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Paul Sorensen
Born (1926-02-16)February 16, 1926
Kenosha, Wisconsin, USA
Died July 17, 2008(2008-07-17) (aged 82)
San Diego County
California, USA
Occupation Actor; minister
Religion Christian
Spouse(s) Jacqueline May Sorensen (married 1957-2002, her death)
Children Two sons the youngest David Sorenson worked behind the scenes in the movie studios and the older brother a minister. .
Military career
Battles/wars Korean War

Paul Sorensen (February 16, 1926 – July 17, 2008) was an American film, theater and television actor who appeared in hundreds of roles during his career, including The Brady Bunch and Dallas.[1] He was frequently cast in westerns or as a police officer.[1]

Life and careerEdit

Sorenson was born in Kenosha, Wisconsin.[1] He moved to Hollywood, California, in 1945 and enrolled in the Pasadena Playhouse,[1] from which he graduated two years later.[1] Later in life, he was honored by the Pasadena Playhouse with a lifetime achievement award.[1] Sorenson served with the United States military during the Korean War.[1] He returned to California after the war and resumed acting. A talent agent signed Sorenson after watching him perform in a theater production of Born Yesterday.[1] He was cast in his first television role as the deputy-turned-bandit Billy Stiles in the 1954-1955 syndicated Stories of the Century, a western series starring and narrated by Jim Davis.[1]

One of Sorensen's best known characters was a recurring role as Andy Bradley, a member of an oil cartel, on Dallas.[1] He appeared in recurring television roles in The Brady Bunch, Barnaby Jones and Fred MacMurray's My Three Sons.[1] His television career, which spanned from the 1950s to the 1980s also included work on The Mary Tyler Moore Show, My Favorite Martian, The Rockford Files and The Mod Squad.[1] Sorensen was often cast in such westerns as Jefferson Drum, The Rifleman, Rin Tin Tin, Gunsmoke, Have Gun, Will Travel, The High Chaparral, Cheyenne, Cimarron City, Johnny Ringo, Wagon Train, The Virginian, and The Big Valley.[1]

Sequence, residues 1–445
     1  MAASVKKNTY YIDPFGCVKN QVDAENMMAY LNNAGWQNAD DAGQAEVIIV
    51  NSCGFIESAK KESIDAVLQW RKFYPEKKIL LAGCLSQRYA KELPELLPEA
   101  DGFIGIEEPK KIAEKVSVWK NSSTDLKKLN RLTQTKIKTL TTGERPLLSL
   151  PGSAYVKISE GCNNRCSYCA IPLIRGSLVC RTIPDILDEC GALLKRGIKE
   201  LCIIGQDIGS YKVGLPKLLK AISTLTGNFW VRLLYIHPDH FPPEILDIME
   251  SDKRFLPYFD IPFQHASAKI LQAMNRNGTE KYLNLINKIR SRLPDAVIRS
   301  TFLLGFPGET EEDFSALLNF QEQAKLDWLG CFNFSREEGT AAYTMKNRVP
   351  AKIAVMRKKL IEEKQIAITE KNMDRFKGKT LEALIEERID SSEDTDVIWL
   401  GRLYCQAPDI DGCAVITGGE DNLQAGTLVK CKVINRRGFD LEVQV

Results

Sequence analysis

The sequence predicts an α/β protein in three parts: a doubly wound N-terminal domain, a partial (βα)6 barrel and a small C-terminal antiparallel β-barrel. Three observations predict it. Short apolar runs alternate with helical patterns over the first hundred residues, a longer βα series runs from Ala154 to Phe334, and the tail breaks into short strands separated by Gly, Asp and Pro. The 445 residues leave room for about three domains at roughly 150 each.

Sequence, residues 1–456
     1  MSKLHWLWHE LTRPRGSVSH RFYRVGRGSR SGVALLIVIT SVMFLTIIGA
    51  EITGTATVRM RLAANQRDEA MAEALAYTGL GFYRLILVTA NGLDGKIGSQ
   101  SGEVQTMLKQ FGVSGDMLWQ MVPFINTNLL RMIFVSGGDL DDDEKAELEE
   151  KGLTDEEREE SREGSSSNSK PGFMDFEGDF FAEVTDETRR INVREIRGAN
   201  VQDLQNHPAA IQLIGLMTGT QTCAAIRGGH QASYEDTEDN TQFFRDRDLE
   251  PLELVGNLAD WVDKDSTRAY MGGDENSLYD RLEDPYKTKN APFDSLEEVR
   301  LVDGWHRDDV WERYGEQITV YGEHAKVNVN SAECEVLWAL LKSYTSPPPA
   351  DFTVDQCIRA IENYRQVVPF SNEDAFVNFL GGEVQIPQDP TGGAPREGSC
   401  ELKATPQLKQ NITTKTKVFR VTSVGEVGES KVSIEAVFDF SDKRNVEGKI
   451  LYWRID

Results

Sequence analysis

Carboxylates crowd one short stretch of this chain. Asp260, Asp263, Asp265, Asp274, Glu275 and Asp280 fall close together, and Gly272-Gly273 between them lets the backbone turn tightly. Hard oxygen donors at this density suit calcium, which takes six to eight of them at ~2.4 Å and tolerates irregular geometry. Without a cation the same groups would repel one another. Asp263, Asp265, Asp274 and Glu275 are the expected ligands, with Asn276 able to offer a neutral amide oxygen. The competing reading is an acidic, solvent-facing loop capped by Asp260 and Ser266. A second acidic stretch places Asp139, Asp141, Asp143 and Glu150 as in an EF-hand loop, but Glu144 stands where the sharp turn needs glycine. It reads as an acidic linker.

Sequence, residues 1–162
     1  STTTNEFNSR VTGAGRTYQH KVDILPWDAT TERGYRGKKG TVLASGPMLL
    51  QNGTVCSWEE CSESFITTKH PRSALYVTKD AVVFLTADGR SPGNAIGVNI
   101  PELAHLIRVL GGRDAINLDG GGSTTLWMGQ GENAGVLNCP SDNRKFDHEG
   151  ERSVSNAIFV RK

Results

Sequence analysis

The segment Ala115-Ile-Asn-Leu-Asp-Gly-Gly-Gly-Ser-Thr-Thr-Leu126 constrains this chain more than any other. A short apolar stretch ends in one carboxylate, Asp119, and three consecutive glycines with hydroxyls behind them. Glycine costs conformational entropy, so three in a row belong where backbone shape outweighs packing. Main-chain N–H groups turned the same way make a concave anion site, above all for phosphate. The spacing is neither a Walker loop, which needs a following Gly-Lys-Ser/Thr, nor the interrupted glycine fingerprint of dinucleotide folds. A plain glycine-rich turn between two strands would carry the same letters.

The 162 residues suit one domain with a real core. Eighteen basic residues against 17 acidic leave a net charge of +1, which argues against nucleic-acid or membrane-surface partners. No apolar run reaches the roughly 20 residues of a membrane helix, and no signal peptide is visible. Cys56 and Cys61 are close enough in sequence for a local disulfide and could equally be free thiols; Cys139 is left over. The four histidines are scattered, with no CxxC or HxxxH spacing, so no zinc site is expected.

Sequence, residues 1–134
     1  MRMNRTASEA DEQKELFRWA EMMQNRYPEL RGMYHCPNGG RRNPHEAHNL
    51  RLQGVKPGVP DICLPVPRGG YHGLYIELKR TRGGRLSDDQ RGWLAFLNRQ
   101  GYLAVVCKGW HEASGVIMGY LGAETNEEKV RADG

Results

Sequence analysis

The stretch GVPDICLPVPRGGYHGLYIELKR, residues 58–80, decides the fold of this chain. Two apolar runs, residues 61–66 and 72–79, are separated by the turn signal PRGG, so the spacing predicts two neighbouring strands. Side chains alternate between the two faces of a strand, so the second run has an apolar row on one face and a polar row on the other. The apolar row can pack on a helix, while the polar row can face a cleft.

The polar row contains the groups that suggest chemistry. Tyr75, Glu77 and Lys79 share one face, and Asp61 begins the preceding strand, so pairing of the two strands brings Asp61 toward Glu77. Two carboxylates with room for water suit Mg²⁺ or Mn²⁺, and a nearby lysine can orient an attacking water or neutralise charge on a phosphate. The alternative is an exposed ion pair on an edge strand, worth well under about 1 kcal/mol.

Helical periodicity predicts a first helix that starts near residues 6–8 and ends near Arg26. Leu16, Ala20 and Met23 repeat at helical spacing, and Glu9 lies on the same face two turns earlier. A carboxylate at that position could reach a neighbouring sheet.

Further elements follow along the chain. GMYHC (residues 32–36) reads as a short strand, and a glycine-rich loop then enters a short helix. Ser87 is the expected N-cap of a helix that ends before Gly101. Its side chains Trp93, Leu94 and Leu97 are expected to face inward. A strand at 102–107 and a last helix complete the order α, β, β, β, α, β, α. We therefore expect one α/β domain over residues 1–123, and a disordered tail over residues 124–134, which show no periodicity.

Sorensen's film credits included Hang 'em High and Escape to Witch Mountain.

Off screen, Sorensen and twenty-four other actors founded the Orchard Gables Repertory Theater group, which Time magazine has praised as "an oasis in the heart of Hollywood."[1] Sorensen and his wife Jacqueline also ran the Original Actors Workshop.[1] Sorensen retired from acting during the late 1980s and early 1990s. Sorensen, his wife, and one of their two sons, Christian, all became ordained ministers. and the youngest son David followed in his parents footsteps and worked behind the scenes in the entertainment industry.[1]

He married Jacqueline May in September 1957; she died on November 14, 2002.[1] Paul Sorensen died on July 17, 2008, in Cardiff-by-the-Sea, San Diego County, California, at the age of eighty-two.[1] He was survived by his sons, a sister, and a grandson.[1]

Selected filmographyEdit


External linksEdit

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